'What is startling about our review of procedures is that everything is being done properly in the hospitals. So you have to wonder why Puerto Rican women aren't using other types of contraception. If women have been given the information, we can't then tell them they can't be sterilized.'
But freedom of choice is a relative thing for all women - and for Puerto Rican women that freedom is further conditioned by their history as a people colonized by the US. Sterilization was made legal in Puerto Rico in 1937, when the eugenic movement in the US was in full swing. Mass migration of Puerto Ricans to the mainland in the I940s, sparked by the new jobs in the burgeoning factories and plantations, caused a backlash among American whites who feared this influx of ethnically and often racially different people. By the 1950s, population control had become a burning issue and Puerto Rico was used as a laboratory for some of the first scientific experiments in birth control (the pill was field-tested there for the first time in the late 1950s). In the early 1960s the US began funneling funds to Puerto Rican clinics and eventually sterilization, alongside strict migration controls, became twin pillars of a wide-ranging US policy to control the Puerto Rican population. So successful was the approach that the growth rate of the Puerto Rican population fell from 2.7 per cent in the 1950s to 1.7 in 1980.
The justification for programs like this has always been that the best way to deal with poor people is to limit their numbers. But this has clearly not worked because between 69 and 80 per cent of woman-headed Puerto Rican households in New York are living below the poverty line.
'The trouble is that poor women have so few options,' says Iris Lopez. 'One more kid could break them financially.' She has been studying a Puerto Rican community in Brooklyn, New York, where 47 per cent of the women have been sterilized, and has discovered yet more ways in which their choices are being eroded: 'Now abortions are so restricted, they are even more likely to choose sterilization.'
Since 1980 the US Medicaid program, which helps poor people with their medical bills (health care is not free in the US), has refused to pay for abortion but continues to cover 90 per cent of the costs of Ia operaci6n. Access to other family-planning services has also been reduced and services with bilingual staff are increasingly hard to find, so misunderstandings are likely to become commonplace once more.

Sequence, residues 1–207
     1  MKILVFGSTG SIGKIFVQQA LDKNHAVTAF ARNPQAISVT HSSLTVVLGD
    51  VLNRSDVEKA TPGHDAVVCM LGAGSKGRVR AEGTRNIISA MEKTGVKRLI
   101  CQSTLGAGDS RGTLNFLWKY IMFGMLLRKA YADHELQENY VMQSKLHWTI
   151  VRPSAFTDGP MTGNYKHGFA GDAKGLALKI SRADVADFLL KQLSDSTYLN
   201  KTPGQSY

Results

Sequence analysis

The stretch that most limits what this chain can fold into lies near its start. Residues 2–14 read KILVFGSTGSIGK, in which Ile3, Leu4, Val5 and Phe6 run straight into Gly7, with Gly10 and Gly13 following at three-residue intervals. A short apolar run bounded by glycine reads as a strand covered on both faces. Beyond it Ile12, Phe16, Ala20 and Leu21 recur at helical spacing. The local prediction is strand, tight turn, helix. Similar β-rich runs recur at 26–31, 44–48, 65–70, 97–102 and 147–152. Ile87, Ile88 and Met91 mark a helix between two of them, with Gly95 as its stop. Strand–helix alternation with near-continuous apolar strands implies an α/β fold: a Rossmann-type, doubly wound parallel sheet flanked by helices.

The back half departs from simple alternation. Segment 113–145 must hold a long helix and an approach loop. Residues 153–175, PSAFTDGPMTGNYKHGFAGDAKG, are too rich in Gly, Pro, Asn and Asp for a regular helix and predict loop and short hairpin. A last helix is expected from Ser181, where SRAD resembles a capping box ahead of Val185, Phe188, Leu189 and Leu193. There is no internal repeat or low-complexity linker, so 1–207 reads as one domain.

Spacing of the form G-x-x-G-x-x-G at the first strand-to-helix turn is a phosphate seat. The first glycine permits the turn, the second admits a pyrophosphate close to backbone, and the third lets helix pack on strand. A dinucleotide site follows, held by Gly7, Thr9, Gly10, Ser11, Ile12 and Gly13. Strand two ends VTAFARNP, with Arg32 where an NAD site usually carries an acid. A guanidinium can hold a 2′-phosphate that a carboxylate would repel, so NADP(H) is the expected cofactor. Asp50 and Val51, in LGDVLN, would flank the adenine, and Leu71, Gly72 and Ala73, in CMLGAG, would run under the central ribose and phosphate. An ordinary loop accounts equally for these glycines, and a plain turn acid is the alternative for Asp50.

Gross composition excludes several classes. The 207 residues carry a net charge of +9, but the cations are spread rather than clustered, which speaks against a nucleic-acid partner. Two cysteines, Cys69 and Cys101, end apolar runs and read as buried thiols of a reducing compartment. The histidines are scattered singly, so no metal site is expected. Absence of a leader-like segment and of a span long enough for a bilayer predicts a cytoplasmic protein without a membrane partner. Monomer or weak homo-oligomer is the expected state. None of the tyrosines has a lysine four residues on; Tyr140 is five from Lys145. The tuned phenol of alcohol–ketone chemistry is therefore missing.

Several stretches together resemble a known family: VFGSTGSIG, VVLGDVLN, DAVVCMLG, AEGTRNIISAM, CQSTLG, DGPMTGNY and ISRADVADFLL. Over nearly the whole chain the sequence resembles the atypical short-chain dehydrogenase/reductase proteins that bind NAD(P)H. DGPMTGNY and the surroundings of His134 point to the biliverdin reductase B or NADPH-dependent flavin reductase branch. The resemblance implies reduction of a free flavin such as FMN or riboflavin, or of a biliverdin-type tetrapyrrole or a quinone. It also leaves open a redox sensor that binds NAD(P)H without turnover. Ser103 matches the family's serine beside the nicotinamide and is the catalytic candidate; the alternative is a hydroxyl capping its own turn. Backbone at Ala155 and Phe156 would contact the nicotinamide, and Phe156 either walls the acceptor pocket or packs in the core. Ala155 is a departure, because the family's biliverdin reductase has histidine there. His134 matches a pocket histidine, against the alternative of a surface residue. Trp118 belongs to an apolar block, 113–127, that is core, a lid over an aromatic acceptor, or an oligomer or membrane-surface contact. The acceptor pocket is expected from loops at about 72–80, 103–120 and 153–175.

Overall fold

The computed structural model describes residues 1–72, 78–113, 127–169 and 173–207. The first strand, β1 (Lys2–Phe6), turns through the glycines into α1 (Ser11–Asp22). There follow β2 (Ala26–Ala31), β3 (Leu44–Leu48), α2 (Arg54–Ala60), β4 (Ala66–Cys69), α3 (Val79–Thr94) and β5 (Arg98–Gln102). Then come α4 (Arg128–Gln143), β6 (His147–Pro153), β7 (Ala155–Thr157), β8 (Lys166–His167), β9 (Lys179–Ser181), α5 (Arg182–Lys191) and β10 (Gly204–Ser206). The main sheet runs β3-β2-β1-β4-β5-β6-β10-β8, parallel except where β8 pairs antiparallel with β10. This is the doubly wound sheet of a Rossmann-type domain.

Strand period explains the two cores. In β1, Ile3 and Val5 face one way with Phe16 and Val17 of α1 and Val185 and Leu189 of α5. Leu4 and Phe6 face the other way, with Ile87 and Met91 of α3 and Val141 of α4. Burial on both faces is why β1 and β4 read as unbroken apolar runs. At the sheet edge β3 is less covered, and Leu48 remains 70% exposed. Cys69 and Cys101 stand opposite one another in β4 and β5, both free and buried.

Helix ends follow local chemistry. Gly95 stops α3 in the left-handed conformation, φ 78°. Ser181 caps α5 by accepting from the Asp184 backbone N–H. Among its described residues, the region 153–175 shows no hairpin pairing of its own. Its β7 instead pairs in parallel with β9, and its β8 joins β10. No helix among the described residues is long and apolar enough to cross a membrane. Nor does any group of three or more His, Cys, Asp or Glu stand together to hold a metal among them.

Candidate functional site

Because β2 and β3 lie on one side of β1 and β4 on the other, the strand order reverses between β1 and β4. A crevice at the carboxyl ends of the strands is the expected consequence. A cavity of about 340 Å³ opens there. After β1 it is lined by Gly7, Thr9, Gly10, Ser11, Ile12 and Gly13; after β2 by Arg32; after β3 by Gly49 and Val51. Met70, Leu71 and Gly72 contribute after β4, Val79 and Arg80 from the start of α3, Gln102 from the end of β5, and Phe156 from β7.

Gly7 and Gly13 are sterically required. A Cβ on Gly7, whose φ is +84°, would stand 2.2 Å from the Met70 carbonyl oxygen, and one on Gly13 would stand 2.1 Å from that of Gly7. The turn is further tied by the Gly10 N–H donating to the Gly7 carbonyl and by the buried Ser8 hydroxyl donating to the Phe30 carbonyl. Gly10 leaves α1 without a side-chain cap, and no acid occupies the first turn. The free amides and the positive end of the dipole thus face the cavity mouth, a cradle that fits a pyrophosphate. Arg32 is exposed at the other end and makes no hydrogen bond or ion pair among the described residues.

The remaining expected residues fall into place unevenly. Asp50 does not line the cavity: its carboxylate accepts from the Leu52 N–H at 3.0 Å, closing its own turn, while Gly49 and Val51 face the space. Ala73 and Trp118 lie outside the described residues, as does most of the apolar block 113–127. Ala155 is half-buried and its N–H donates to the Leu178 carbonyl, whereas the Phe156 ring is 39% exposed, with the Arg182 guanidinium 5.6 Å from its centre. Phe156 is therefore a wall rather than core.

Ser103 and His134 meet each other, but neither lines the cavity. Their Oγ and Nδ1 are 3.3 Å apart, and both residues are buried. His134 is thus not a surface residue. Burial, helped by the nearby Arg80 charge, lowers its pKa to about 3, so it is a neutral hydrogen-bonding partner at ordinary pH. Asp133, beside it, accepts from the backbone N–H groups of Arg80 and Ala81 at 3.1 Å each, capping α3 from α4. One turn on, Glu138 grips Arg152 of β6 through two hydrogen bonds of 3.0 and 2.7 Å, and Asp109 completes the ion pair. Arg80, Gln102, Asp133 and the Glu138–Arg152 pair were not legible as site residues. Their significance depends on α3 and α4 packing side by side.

But the institutional emphasis on sterilization maybe a needless overkill, because other forms of preventing pregnancy just don't seem to appeal to Puerto Ricans. 'There's a large number of women aged between 21 and 25. Most have their kids early and decide to be sterilized because they don't trust the pill and don't like the diaphragm,' says Herminia Cruz, who works at a clinic within Hartford Hospital. 'We suggest condoms, but it is a very macho society and the men don't come to the clinic. Women have to deal with birth control alone.'
Iris Lopez' study backs this up. She found that 76 per cent of women used some form of temporary contraception before getting sterilized, but that they expressed dissatisfaction with what was available - especially the pill and the IUD. She also found that Puerto Rican women are being sterilized at younger ages than any other group: 'White and black families tend to be sterilized between 30 and 34. But the largest number of sterilized Hispanic women were aged between 25 and 29.'
'I wish I could see the woman before she has that second baby,' says Herminia Cruz. 'Then maybe she could make a decision about sterilization before being forced into it by her economic reality. When I see women so young - aged 21 with five kids - there's great pressure to do something. But what is really needed is early intervention.'